Selfie vs #unselfie Face Off

Selfie vs #unselfie Face Off
By Rachel Healy

Everyone from new BFFs the Obamas and the Clintons, to Joe Blog and almost every narcissistic celebrity under the sun, has been guilty of pulling a shameless “selfie” at one time or another.

And now the digital self-portrait, taken at varying flattering angles and with varying degrees of success, has been declared word of the year for 2013, according to Britain’s Oxford University Press.

Researchers behind the renowned Oxford Dictionaries pick a prominent word or expression each year that best reflects the mood of the times; meaning 2013 has officially been named the year of social media’s ultimate self-gratification.

Previous winners of the prestigious award include “GIF” in the US last year (for those of you who don’t know, GIF stands for Graphics Interchange Format, or image files that are compressed to reduce transfer time. Not terribly exciting, I know, which is probably why it hasn’t gone down in the annals like the notorious selfie.)

“Squeezed middle” was the big winner in 2011, “refudiate” in 2010, the somewhat out of place word that no-one wants to hear—“unfriend” in 2009—followed by the sign-of-the-times “credit crunch” in 2008, “carbon footprint” in 2007 and “carbon neutral” in 2006, with the big buzzword of 2005 being “Sudoku.” (Mind boggling to think it’s been 8 years since Sudoku’s rein. It’s hard to remember a time when putting pen to paper equaled entertainment.)

Rather depressingly, this linguistic map seems to trace the decline of the English language, in direct correlation to the meteoric rise of social media’s influence. What newly coined word will it be next year, given that “twerking” came a close second this year? It seems Miley Cyrus has a lot to answer for.

The word “selfie” first appeared over ten years ago in 2002, which is considered medieval in digital time in Australia. Ozzie English often adds the suffix “-ie” to words, such as the oft quoted ‘barbie’ for barbeque or ‘tinnie’ for a can of beer.

In fact, Oxford usually assigns a separate word of the year to the US and to the UK, but it said “selfie” was given a blanket vote as it captured the imagination on both sides of the Atlantic, beating out an incredible 150 million other words in the running that are in use each month.

Other buzzwords in the running were “showrooming” (the practice of visiting a shop to look at a product before buying it online at a lower price) and “Bitcoin,” which is a digital currency that’s gained widespread media attention lately. The verb “binge-watch” was another, which Netflix can undoubtedly lay claim to.

Other contenders ranged from the always ill-advised “sexting” to “BYOD” which can have a double meaning, depending on if you’re at work or play.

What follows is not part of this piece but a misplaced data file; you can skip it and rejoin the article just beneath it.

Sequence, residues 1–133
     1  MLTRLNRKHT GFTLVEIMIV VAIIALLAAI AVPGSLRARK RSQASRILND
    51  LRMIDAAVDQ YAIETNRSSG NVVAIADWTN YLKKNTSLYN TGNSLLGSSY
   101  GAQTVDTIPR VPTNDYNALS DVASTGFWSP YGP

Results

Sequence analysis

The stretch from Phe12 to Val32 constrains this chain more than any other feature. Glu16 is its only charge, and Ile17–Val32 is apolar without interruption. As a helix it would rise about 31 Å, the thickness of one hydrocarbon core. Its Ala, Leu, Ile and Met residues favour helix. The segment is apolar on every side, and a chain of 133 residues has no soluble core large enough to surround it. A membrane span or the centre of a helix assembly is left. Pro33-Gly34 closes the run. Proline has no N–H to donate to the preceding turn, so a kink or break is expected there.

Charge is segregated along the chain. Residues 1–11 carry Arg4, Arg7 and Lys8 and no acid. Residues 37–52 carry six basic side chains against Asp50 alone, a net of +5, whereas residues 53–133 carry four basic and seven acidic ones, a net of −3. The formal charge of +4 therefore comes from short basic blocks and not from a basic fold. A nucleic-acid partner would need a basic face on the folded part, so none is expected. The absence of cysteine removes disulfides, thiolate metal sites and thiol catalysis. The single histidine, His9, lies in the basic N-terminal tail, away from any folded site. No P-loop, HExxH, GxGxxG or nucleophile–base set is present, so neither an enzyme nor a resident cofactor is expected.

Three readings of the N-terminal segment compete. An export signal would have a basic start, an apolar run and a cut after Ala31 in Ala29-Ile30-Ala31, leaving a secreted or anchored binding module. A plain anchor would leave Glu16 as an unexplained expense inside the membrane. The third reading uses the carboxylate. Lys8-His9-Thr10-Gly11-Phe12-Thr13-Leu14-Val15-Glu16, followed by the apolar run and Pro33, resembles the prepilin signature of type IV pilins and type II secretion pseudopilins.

Thankfully after all this silliness, there is a flipside. A timely new campaign is cashing in on the selfie phenomenon and turning the root of its self-absorption into a charitable endeavour.

David Guerrero, creative chairman of BBDO Guerrero, has created the “#unselfie” or a picture with a sign over your face urging people to support relief aid for the Philippines. The aim is for users to spread the photos through their social networks, while the hashtag makes it easy to see the cumulative effect of the crowdsourcing campaign.

Restoring our faith in humanity, the project has taken off, with US Secretary of State John Kerry, activist Mia Farrow and thousands of people all around the world using the former fad for good.

According to Guerrero, who is based in Manila, there have been over 9 million impressions so far. And, he points out modestly, it doesn’t matter which charity is promoted in these #unselfies as long as it spreads the word about how to donate in response to one of the worst natural disasters in history.

We here in North America have also put a positive spin on the trend with “UNselfie” pictures of citizens doing good “unselfish” deeds.

December 3, 2013, the first Tuesday following Thanksgiving in the US, Black Friday and Cyber Monday, is a day set aside beginning two years ago to remind us to give back, volunteer for a local charity or donate to a local cause.

Over 6,300 charities, corporations, politicians and foundations from around the world have come together on this day to celebrate the idea of a “compassionate movement,” with unselfish social media souls using the #UNselfie and #givingtuesday hashtags to tweet a related message.

Last year, donations tracked on #givingtuesday increased by 50% from the prior year, while average gifts increased by 25%, so maybe the world is ready for the #unselfie to be word of the year 2014.

Which one will you be sharing?

Rachel Healy is a Corporate Communications & Social Media Manager.
Find her at and on Twitter: @RachelHealyIre.